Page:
One lesson we learned is to pay close attention to preparing for a sprint. Add enough time beforehand to discuss the team constellation. Here are our heuristics for a good team constellation: as small yet complete as possible, maximum diverse and 100% dedicated. Identify and clarify the business goal and plan ahead who should come in for the expert-interviews. Be clear about product’s special decision making responsibility within the team. Due to time constraints we had compromised on the Sprint goal which made problem framing and re-framing one of the most challenging activities during the Sprint. In retrospect we wished for a prep meeting including the management board to set long-term objectives and metrics and thus pave the way to the map.
The Map for Beginners
Creating a map is, for experienced teams, possibly a simple exercise. The map helped a lot, but clearly was a first and unexpected challenge for the team. It helped to surface a weakness Kiron (https://kiron.ngo/en/) tried to tackle in the past months: gain a deep understanding of their customers Job-To-Be-Done and their contexts. Hannes Rudzik, Product Manager at Kiroon, stated
“User research is challenging as Kiron (https://kiron.ngo/en/) users are often in ‘difficult’ situations: new (not native) language, studying and working in parallel, bad internet connection, to name a few. Producing valid results from research is harder if talking to users is hard to organize.”
What else did we do to tweak the Design Sprint?
Iterate early and often
By end of Monday we didn’t feel to have enough clarity to frame the problem. After a good night’s sleep on Tuesday morning we asked the team to get the sense of the users back in the room and to reframe a different Point of Views. This short iteration of the Sprint questions helped to support the decision making process further on.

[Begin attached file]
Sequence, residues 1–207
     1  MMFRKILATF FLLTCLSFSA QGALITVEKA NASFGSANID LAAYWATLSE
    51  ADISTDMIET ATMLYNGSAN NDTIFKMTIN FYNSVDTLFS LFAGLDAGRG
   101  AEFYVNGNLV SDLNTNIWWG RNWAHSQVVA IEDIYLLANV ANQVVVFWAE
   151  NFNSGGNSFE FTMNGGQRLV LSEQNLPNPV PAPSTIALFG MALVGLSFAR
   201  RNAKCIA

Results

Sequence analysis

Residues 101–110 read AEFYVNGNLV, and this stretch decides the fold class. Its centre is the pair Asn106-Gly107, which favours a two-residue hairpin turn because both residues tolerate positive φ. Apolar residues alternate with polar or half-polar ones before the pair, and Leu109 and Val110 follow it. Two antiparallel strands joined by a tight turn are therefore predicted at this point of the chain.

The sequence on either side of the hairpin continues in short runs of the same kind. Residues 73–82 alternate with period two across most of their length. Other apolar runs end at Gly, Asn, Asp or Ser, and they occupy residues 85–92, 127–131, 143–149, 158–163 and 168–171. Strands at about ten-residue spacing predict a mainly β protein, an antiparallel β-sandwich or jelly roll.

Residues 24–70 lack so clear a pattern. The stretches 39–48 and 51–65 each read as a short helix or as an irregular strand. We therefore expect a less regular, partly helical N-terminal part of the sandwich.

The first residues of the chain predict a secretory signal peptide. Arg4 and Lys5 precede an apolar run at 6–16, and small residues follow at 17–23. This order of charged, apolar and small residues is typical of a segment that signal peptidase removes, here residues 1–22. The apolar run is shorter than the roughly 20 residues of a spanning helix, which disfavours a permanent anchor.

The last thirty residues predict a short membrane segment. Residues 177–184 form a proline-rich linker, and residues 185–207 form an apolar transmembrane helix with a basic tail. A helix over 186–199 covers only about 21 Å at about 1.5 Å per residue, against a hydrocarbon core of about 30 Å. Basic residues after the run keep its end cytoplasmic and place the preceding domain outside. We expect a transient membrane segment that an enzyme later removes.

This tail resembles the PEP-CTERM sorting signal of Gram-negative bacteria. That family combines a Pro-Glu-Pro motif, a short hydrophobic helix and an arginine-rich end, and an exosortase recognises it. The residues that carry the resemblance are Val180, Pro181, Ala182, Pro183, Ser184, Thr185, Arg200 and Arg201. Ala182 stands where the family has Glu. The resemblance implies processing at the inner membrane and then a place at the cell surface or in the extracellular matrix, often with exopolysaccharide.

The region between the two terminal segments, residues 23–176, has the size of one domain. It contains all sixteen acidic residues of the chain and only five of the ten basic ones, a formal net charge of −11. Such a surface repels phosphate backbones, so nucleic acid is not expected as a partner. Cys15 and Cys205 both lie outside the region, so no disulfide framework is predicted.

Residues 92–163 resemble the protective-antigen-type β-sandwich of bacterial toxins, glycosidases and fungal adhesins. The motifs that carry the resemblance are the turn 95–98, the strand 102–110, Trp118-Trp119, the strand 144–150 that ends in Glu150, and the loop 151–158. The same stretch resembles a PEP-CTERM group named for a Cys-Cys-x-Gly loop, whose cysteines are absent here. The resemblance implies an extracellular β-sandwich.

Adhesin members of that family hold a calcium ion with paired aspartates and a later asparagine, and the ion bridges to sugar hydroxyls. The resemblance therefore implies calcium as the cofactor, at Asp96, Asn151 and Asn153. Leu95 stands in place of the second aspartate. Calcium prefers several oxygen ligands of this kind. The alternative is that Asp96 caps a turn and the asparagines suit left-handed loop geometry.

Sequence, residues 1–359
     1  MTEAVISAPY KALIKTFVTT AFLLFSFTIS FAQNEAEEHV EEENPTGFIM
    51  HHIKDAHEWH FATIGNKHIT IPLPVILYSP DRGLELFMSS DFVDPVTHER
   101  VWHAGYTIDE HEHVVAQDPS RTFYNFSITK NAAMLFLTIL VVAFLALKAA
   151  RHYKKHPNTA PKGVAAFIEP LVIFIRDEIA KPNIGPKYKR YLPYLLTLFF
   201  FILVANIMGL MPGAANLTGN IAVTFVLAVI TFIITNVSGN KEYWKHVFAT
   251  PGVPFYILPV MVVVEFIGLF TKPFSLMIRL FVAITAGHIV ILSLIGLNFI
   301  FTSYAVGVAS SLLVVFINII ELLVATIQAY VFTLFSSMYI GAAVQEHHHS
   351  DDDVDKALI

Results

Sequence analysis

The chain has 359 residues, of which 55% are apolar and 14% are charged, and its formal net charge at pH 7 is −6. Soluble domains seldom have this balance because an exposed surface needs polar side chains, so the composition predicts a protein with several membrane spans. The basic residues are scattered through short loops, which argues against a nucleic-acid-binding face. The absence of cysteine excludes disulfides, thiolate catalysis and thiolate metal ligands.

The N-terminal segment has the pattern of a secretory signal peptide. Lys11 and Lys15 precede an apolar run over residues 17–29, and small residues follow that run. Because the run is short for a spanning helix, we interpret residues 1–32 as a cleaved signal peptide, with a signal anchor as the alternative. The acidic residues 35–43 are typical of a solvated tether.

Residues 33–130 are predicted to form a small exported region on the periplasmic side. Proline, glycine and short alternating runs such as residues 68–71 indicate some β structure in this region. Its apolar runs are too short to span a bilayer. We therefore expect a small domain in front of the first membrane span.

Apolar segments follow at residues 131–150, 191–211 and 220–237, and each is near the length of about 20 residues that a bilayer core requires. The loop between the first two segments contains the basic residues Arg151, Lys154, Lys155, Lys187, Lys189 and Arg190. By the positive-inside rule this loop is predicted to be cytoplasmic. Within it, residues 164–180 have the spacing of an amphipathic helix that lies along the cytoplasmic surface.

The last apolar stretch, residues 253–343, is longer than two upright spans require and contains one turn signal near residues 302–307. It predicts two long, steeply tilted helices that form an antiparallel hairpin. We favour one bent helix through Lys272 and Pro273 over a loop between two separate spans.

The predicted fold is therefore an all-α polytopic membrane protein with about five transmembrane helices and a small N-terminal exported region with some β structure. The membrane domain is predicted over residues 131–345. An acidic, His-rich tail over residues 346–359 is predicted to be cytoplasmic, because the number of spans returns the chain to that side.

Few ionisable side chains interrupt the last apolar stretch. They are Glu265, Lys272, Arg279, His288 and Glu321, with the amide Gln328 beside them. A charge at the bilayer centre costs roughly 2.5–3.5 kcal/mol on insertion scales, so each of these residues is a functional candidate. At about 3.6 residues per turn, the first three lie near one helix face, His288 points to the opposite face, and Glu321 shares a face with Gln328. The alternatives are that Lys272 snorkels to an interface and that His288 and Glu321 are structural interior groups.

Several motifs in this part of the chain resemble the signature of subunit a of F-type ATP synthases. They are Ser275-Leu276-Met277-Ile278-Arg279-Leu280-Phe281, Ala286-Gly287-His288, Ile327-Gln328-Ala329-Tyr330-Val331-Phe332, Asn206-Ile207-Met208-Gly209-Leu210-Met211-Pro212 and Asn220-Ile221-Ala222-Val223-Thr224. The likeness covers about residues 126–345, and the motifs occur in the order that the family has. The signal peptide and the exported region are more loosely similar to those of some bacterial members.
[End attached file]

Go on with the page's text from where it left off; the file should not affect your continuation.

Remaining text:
6 Thinking Hats for Speed Critique
To inspire the speed critique on Wednesday we tried the 6 Thinking Hats (https://en.wikipedia.org/wiki/Six_Thinking_Hats) – unfortunately a failure. New to the experience and the team, the participants felt overwhelmed to stay in their roles.
Role-play and POV to Test the Story Board
Another iteration of using role-play in decision making worked well. After completing the storyboard on Wednesday we asked the customer communication expert in the team to step into the shoes of a specific persona in a role-play where the team acted out the solution defined by the storyboard. This took just 30 minutes and helped spot weaknesses in the storyboard that could be fixed easily. One idea that we took a note of: What if we would have included experts from the company in the customer vs. solution role-play?
Micro Scrum to Prototype on Thursday
To keep up the speed was hard, especially towards the end. One reason why we used Scrum with 30 minutes Micro-Sprints to build the prototype on Thursday. It worked! Each Sprint included a short review and reflection of the process that helped the team manage the time, the scope and adapt rapidly their roles and responsibilities. By the end of the day the team could proudly present a newly designed Short Study Program to their peers within a company gathering.
This is number three of a series of three posts about our insights from innovation at NOGs and working with Kiron. You may also want to read also Lean Product Strategy for NGOs and One Day Product Strategy Workshop.